NOVEL PET IMAGING MARKERS FOR THE EARLY AND PRO-DROMAL PHASE OF PARKINSONS DISEASE.
Parkinson's disease & PD-related disorders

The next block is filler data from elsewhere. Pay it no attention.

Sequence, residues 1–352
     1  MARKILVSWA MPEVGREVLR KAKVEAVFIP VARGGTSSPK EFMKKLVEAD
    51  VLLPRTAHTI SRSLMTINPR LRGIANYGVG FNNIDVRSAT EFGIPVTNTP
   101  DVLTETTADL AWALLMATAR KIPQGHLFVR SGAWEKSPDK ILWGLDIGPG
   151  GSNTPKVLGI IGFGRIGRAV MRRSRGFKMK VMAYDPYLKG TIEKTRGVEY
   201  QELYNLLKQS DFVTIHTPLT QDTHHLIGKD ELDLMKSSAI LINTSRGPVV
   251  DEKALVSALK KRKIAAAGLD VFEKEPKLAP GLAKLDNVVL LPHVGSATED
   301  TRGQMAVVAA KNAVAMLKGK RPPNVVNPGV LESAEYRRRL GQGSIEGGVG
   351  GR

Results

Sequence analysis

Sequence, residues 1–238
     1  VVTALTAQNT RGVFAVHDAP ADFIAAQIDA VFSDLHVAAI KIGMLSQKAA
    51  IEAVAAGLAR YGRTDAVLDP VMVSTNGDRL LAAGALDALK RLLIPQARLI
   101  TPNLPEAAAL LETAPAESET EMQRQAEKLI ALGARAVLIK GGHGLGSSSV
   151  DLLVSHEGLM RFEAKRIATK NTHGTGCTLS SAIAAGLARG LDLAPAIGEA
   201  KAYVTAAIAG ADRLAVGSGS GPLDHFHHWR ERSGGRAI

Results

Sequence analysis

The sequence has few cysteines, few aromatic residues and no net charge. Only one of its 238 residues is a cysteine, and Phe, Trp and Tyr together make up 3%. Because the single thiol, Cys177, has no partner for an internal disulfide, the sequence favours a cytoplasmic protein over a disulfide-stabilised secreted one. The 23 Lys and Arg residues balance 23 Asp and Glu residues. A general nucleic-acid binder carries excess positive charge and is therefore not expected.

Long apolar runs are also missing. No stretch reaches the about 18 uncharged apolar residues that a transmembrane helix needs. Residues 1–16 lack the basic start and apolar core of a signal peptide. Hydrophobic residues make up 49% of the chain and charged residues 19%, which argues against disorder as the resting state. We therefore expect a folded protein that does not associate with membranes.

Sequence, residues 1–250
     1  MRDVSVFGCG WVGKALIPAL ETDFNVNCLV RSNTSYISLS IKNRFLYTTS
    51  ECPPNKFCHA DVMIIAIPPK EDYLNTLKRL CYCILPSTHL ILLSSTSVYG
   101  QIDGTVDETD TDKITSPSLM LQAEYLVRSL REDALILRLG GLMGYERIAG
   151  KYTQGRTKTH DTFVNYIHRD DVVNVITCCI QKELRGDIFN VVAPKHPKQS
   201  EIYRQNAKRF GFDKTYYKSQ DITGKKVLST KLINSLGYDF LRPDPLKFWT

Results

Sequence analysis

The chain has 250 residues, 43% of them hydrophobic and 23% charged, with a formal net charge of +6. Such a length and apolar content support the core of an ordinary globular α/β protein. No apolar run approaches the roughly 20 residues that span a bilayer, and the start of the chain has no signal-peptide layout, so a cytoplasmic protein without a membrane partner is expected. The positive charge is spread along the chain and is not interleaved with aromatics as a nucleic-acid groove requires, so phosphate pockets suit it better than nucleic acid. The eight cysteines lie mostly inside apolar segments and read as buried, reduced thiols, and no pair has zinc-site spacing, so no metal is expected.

In Denmark, 6000 people suffer from Parkinsons disease (PD) a disabling brain disorder. The cause of PD is still unknown. Most patients display constipation and problems with emptying their stomach signifying that the parasympathetic nerves to the peripheral organs are damaged. Recent evidence suggests that PD may actually be initiated in parasympathetic nerve-endings in the gut, and then spread to the brain through parasympathetic nerves. At the PET centre, Aarhus University, we recently validated the worlds first PET tracer to image the parasympathetic nerves and showed that PD patients display a marked decrease of parasympathetic nerves in the gut. In this research program, we will examine newly diagnosed PD patients and also patients with REM sleep behavior disorder (RBD). The majority of RBD patients will develop PD or a similar disorder after several years of follow-up, and RBD can therefore be considered pre-clinical PD. Using this approach, we can establish whether parasympathetic nerve damage is also present years prior to PD symptom onset. This knowledge will be a very important step towards a more complete understanding of PD, and can potentially guide future research into potential curative treatments, which ideally must be initiated at the early, pre-clinical disease-stage. In a second line of studies, we will utilize a novel PET tracer with the ability to detect diseased tau-protein in brains of patients. We will examine patients with the devastating tau-positive brain disorders PSP, which often mimic PD at the early disease-stages. Tau-PET imaging could have immediate clinical utility for this diagnosis. Also, studies suggest that tau-protein may be a very important factor in the development of PD-dementia. We will study a large cohort of non-demented PD patients at baseline and after 3 years of follow-up to examine the proposition that early deposition of tau-protein heralds the onset of dementia in PD patients.